Surprising New Feature in AMD Ryzen 3000


Could you please tell me in your words what the surprising new feature is?

This website is asking me to disable my ad blocker, and I have no intention of doing that. They and their ads can go to heck.


I have just finished testing the AMD Zen 2 CPU. The results are in my microarchitecture manual and my instruction tables

I discovered that the Zen 2 has a new surprising feature that we have never seen before: It can mirror the value of a memory operand inside the CPU so that it can be accessed with zero latency.

This assembly code shows an example:


mov dword [rsi], eax
add dword [rsi], 5
mov ebx, dword [rsi]

When the CPU recognizes that the address [rsi] is the same in all three instructions, it will mirror the value at this address in a temporal internal register. The three instructions are executed in just 2 clock cycles, where it would otherwise take 15 clock cycles.

It can even track an address on the stack while compensating for changes in the stack pointer across push, pop, call, and return instructions. This is useful in 32-bit mode where function parameters are pushed on the stack. A simple function can read its parameters without waiting for the values to be stored on the stack and read back again. This does not work if the stack pointer is modified by any other instructions or copied to a frame pointer. Therefore, it doesn’t work with functions that set up a stack frame.

The mechanism works only under certain conditions. It must use general purpose registers, and the operand size must be 32 or 64 bits. The memory operand must use a pointer and optionally an index. It does not work with absolute or rip-relative addresses.

It seems that the CPU makes assumptions about whether memory operands have the same address before the addresses have been calculated. This may cause problems in case of pointer aliasing. If the second instruction in the above example has a different pointer register with the same value, you have a problem of pointer aliasing. The CPU assumes that the addresses are different so that the value of eax is directly forwarded to ebx without adding 5. It takes 40 clock cycles to undo the mistake and redo the correct calculation.

Yet, this is a pretty amazing feature. Imagine how complicated it is to implement this in hardware without adding any latency. I wonder why this feature is not mentioned in any AMD documents or promotion material. At least, I can’t find any mentioning of this anywhere. AMD has something they call superforwarding, but this must be something else because it applies only to floating point registers.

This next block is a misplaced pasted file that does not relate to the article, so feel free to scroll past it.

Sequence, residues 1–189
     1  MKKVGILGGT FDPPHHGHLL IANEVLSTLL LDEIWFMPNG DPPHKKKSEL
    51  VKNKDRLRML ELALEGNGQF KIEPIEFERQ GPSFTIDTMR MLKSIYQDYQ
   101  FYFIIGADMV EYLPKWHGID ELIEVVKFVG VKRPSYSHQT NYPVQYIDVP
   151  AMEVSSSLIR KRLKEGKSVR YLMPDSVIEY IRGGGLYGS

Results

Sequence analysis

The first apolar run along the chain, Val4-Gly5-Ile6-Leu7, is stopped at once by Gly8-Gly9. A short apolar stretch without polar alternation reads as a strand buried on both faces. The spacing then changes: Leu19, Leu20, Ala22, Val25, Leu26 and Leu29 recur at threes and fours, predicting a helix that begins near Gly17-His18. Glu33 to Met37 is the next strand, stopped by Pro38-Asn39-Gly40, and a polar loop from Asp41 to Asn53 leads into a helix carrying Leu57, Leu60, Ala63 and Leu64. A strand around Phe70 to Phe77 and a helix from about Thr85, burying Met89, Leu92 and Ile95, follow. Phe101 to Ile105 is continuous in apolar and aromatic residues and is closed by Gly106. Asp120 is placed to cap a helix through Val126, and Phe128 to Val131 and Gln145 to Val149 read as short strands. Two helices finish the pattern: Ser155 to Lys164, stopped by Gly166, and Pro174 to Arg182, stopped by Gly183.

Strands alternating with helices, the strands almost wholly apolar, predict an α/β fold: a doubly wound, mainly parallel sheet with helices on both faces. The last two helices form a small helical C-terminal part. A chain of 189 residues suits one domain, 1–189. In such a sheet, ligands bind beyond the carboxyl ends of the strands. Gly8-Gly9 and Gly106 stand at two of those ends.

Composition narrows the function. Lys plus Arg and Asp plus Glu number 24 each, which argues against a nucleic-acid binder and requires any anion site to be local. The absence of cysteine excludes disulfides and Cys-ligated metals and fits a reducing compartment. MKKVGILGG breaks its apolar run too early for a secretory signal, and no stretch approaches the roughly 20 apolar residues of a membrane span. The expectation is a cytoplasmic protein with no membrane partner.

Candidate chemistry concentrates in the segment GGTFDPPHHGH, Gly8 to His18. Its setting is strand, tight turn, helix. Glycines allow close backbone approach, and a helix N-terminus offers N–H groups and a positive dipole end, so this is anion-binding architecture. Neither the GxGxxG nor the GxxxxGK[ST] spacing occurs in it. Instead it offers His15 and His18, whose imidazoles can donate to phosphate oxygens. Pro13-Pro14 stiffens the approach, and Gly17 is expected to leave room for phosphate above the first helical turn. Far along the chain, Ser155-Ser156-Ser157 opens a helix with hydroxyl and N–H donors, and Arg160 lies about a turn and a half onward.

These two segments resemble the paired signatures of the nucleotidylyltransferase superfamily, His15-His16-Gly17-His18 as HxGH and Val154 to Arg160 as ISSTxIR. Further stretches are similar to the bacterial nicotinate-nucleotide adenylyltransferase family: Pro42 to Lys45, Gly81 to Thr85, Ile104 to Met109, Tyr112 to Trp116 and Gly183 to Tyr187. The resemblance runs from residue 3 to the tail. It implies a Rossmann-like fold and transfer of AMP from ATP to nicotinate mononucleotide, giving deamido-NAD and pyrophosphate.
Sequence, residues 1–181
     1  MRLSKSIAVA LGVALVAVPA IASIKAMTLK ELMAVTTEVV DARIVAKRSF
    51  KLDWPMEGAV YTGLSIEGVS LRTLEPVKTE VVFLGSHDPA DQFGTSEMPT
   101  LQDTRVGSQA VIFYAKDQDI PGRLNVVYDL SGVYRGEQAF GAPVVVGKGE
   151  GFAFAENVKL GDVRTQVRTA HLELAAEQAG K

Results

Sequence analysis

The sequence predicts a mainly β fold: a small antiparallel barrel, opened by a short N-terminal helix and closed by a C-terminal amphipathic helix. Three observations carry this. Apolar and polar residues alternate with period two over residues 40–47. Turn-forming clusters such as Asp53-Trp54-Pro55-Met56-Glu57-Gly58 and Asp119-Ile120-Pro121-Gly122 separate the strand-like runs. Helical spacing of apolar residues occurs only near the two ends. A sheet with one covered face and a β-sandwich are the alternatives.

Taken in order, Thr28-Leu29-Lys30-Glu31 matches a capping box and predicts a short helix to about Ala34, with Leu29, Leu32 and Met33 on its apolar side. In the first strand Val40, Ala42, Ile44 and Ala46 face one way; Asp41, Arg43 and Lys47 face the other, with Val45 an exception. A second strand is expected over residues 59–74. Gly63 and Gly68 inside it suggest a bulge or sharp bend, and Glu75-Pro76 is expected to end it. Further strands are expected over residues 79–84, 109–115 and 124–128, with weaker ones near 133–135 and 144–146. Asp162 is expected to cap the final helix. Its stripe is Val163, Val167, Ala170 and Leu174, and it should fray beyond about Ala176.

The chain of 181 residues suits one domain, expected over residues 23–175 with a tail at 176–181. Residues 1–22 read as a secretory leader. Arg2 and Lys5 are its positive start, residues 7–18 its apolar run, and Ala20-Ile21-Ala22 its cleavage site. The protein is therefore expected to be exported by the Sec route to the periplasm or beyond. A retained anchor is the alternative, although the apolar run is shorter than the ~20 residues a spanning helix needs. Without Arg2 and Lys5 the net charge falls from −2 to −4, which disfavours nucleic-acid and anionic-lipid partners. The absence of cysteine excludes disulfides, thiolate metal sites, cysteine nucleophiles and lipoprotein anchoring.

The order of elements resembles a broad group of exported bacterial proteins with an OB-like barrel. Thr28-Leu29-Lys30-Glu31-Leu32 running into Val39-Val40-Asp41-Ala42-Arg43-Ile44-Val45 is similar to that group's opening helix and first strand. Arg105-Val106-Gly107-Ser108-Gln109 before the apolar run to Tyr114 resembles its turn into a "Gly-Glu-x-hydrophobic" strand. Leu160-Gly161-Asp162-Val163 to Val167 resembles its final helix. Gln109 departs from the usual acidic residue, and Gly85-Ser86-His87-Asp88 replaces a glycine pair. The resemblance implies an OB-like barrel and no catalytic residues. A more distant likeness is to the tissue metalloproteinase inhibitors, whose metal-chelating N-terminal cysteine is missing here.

Other interesting results for the Zen 2:
The vector execution units and data paths are all extended from 128 bits to 256 bits. A typical 256-bit AVX instruction is executed with a single micro-op, while the Zen 1 would split it into two 128-bit micro-ops. The throughput for 256-bit vector instructions is now as high as two floating point vector additions and two multiplications per clock cycle.

There is also an extra memory AGU so that it can do two 256-bit memory reads and one 256-bit write per clock cycle.

The maximum overall throughput for a mix of integer and vector instructions is five instructions or six micro-ops per clock for loops that fit into the micro-op cache. Long loops that don’t fit into the micro-op cache are limited by a fetch rate of up to 16 bytes or four instructions per clock. Intel processors have a similar limitation, and this is a very likely bottleneck for CPU intensive code.

All caches are big, the clock frequency is high, and you can get up to 64 cores. All in all, this is a quite competitive CPU as long as your software does not utilize the AVX512 instruction set. The software market is generally slow to adopt to new instruction sets, so I guess it makes economic sense for AMD to lag behind Intel in the race for new instruction sets and longer vector registers.


You can use for that, comes handy to cut off ads and crap, as well as paywalls etc…



I’m not sure that re-posting the contents of other sites’ pages is an effective way of doing this - a summary plus a link tends to work well.

Also, that “Source” link (to the “vermaden” blog) seems to be unrelated.


You’re right, from now on I’ll do it that way.

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This site didn’t ask me anything…strange.


Now, it works for me, too.


@Lemon @Kresimir
Just like good old Richard Stallman said…NEVER trust javascript :laughing:


I don’t even trust myself.